top of page
  • Writer's pictureKarel Costa-Armas

Do Not Let the Board be Abused and Interrogated.

There may come a time when you witness a resident being rude, loud, and abusive. Actually, it occurs quite often at board meetings. It also occurs in common areas and when board members are out and about living their personal lives. Should this be allowed to occur? Clearly, the answer is NO.

Board members are volunteers and have personal lives. A majority of board members are doing the very best they can to keep their communities safe and operating well. Sure, there are several bad apples serving on association boards. Of course, those bad ones need to be called out. There are proper ways to go about this process. Remember, it’s not what you say but how you say it.

I’ll be the first person to request transparency and for the board to make documents available immediately. All owners should be allowed to ask questions in a fair and friendly way. Simply being an owner does not give you the right to be rude and nasty. Keep your composure and dignity. If you want to assure yourself of never getting friendly answers, just go ahead and be demanding. If an owner thinks they are going to bully the board and management to volunteer information, they are sorely incorrect.

Here is a list of often seen mistakes from the typical demanding bully:

·        Loud and boisterous

·        Disruption of Board Meetings

·        Intimidation Tactics and Personal Attacks

·        Threatening Board Members, Residents, and Management

·        Demanding Immediate Answers and Explanations

·        Lack of participation at meetings

·        Continuous gossip chain to gain others’ support.

Board members are not to be subjected to interrogations and intimidation. If you want answers, simply request them in writing. You may need to ask for a formal records request and sift through hundreds of documents to get those answers. No one is obligated to explain all the processes to unruly residents. One way to understand all that occurs on boards' of directors, and how decisions are made, is to join the board and be an active member of it.

Here is a quick reminder of homeowners’ responsibilities:

• Read and comply with the governing documents of the community.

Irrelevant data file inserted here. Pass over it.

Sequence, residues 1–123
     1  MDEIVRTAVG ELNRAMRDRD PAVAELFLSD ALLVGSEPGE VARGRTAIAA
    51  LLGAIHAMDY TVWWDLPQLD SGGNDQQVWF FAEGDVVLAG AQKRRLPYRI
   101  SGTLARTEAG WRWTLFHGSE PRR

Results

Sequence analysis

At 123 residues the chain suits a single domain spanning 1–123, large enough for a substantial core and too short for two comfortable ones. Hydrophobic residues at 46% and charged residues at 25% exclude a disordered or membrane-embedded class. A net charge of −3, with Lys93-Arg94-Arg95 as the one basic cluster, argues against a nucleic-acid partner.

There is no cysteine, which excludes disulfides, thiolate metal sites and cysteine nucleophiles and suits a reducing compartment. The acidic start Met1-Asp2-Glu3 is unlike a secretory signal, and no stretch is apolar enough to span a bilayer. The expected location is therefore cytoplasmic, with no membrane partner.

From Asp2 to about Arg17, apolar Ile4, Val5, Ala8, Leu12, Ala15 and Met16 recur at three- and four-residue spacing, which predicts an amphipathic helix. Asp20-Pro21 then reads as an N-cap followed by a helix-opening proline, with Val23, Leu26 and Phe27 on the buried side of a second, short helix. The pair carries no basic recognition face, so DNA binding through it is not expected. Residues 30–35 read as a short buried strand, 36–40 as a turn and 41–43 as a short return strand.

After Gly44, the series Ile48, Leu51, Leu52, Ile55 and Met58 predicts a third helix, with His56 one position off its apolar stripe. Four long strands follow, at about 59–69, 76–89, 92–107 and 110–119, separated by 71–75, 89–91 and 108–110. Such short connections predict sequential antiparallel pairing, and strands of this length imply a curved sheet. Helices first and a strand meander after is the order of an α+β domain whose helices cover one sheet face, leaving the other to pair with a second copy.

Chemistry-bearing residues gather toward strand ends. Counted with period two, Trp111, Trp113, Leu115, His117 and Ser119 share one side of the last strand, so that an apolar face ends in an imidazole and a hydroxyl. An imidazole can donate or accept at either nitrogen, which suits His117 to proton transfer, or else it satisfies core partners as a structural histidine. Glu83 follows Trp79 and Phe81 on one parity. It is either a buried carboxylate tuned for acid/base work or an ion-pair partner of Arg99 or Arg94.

• Stay informed by attending meetings and reading materials provided by the association.

• Maintain their property according to established standards.

• Treat association leaders with respect and honesty.

• Vote in community elections and on other issues.

• Pay association assessments and charges on time.

• Contact association leaders or managers, if necessary, to discuss financial obligations and alternative payment arrangements.

• Request reconsideration of material decisions that personally affect them.

• Provide current contact information to association leaders or managers to help ensure they receive information from the community.

• Ensure that those who reside on their property (e.g., tenants, relatives, and friends) adhere to all rules and regulations.

• Respect the privacy of community leaders at their homes and during leisure time in the community.


Homeowners have the right to:

• A responsive and competent community association.

• Honest, fair, and respectful treatment by community leaders and managers.

• Participate in governing the community association by attending meetings, voting, serving on committees, and standing for election.

• Access appropriate association financial books and records.

• Prudent expenditure of assessments.

• Live in a community where the property is maintained according to established standards.

• Fair treatment regarding financial and other association obligations, including the opportunity to discuss payment plans.

• Receive all documents that address rules and regulations governing the community association prior to purchase and settlement and upon joining the community.

• Appeal to appropriate community leaders those decisions affecting nonroutine financial responsibilities or property rights.


How do you resolve some of these issues? Send me a quick email and we can chat about the details of your associations’ problems.



bottom of page